Push handle to sound alarm - door can be opened in 15 seconds


If there’s one door that I don’t want to wait for, it’s an emergency exit. What is the purpose of this delay? I’m thinking theft prevention, but doesn’t that create a dangerous situation?

Not sure where you’re encountering this, but it’s called “delayed egress”, and it’s a fairly common way of securing fire exit doors in places such as nursing homes. There’s a maglock that keeps the door locked, but it can’t actually prevent people from exiting if they know to hold the crash bar till the door unlocks. The delay gives staff a chance to respond before the dementia patient runs off into the night.

Doesn’t sound like the apex of safeness does it. I can’t imagine being in any situation where 15 seconds is going make a difference between living and dieing. Don’t get me wrong, I’m sure it has happened, but it’s got to be extremely rare, and theft prevention is the only answer I can come up with too. This was at a business with merchandise, right, as opposed to say a hospital or theatre.

ETA: Gorsnak’s answer sounds better.

This is at a hospital, but in an area where patients rarely go, so it’s more of an office setting. Yes, we have computers that people might steal. And there’s no security guard there, but there are other “minor” exits without security too.

As for what possible emergencies could hurt people in those 15 seconds, I would think anything that would cause a panic among a large group of people. This door is on a landing between staircases which themsleves are a little treacherous.

I’ve seen them in airport terminals. I assume it’s to prevent unauthorized people from slipping out onto the tarmac before anyone notices.

tdn where is this door in relation to maternity ward/nursery?

About halfway the length of the hospital, so about 500 feet. That’s from the infant discharge area, anyway. I suppose that it might be an attractive exit for an abductor, but there are closer and better ones.

The old fire doors locks opened immediately and triggered an alarm.

These new ones scare me. Imagine if the door lock doesn’t open in 15 seconds. There could be a huge tragedy caused by a malfunction. I seriously wonder how those delayed locks will work in a fire or violent storm flood situation like NY and New Jersey experienced with Sandy.

I hope they don’t use these in large venues, like concerts.

And in a panic situation, is the person going to read the sign? Or just think ‘Oh shit, the door doesn’t work’. And not hold down the bar, put keep pushing and releasing. I would think the later is VERY possible.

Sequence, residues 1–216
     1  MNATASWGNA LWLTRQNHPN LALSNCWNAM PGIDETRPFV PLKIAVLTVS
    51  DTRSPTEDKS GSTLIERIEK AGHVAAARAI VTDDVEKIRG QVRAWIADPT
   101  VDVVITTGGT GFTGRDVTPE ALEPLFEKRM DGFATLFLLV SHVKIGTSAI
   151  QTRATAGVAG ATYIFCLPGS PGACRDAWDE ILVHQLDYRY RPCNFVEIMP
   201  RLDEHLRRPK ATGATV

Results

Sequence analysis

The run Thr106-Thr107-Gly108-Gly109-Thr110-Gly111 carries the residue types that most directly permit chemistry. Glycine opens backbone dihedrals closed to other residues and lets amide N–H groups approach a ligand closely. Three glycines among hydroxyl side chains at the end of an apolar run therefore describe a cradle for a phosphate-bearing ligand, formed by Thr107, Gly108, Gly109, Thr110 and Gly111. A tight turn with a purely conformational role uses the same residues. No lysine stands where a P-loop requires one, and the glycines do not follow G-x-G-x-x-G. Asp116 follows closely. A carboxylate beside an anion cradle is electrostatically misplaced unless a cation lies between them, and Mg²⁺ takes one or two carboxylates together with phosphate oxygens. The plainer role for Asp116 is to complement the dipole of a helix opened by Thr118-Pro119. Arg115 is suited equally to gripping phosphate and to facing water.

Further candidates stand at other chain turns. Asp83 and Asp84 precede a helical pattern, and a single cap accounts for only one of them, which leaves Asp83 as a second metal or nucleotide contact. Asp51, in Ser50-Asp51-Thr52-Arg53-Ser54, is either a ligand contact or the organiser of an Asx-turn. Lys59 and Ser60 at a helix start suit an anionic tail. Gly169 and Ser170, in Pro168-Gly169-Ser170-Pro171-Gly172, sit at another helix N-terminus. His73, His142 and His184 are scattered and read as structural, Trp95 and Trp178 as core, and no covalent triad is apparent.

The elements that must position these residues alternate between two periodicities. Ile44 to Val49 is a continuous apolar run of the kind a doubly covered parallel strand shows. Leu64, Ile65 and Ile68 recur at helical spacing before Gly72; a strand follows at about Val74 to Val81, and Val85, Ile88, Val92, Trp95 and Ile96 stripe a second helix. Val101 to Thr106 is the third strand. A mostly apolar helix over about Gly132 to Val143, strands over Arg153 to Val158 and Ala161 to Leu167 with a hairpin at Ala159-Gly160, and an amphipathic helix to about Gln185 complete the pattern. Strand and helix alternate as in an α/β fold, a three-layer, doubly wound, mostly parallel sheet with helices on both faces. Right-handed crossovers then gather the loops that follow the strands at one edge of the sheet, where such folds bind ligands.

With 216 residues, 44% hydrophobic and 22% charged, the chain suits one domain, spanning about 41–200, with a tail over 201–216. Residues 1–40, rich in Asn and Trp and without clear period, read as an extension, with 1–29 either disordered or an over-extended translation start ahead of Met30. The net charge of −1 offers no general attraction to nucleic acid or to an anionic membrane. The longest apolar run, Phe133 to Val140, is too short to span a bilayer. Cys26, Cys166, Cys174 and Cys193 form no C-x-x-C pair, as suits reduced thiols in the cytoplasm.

I was wondering about that myself.

Meanwhile, others are coming up behind you and pushing those in front, who can’t get out…

They should think about the wording. Until this thread, I thought it meant that the door confoms to some regulation that requires it to be able to be opened in 15 seconds, ie. it is a relatively easy to open door.

A more accurate wording would be something like “This door has a 15 second delay. Keep holding down the bar and it will open.”. That would encourage people to lean on it long enough in an emergency.

Maybe I parse things weirdly.

Push until alarm sounds
Door can be opened
in 15 seconds

That’s the actual wording. Sorry for not getting it right the first time around.

FWIW, it can be opened immediately and without alarm by people with the right security clearance. Other times the alarm sounds, presumably because confused patients try to exit from there.

The simple answer is to push the handle 15 seconds before you actually need to open the door.

Problem solved. :slight_smile:

In the case of a fire, I can’t head right for the door anyway. I have to pull an alarm. Then I have to make a phone call. From a land line, not my cell. Then I have to rescue people. Then I have to shut doors. THEN I can push on the door.

Quite likely in the case of a fire the door is unlocked by the alarm system anyways. If it’s installed correctly, anything that goes wrong will cause the door to revert to standard fire exit behaviour (i.e., push the crash bar and the door opens). For the door to be locked, both the fire alarm relay and the timer relay that gets you the 15s delay have to be energized. Either of them fail, the maglock isn’t powered and the door can be opened.

I believe you have your order of operations mixed up.

You rescue first, then alarm, then contain, then escape.

Yes, with the delayed egress doors I’ve worked with, they are tied into the fire alarm system and will unlock when the fire alarm sounds. If you’re trying to escape a fire, you won’t even have to hit the crash bar… just pushing on the door will open it.

ETA: I work in DC, MD, DE, and NJ, all maglock doors have to be tied into the fire alarm system and unlock once the fire alarm sounds, mandated by building codes.

So I’m trying to get out because there’s a fire at my back. I’ll bring a book to read until the fire alarm sounds. Should happen any minute now. Hope it doesn’t {choke, cough} take too long, I’m on chapter 9 already…

Thank God. I saw this thread and could only think of the Station Fire (NSFW) and how much difference 15 seconds could make, give or take. (At six minutes, someone emerges, completely alight)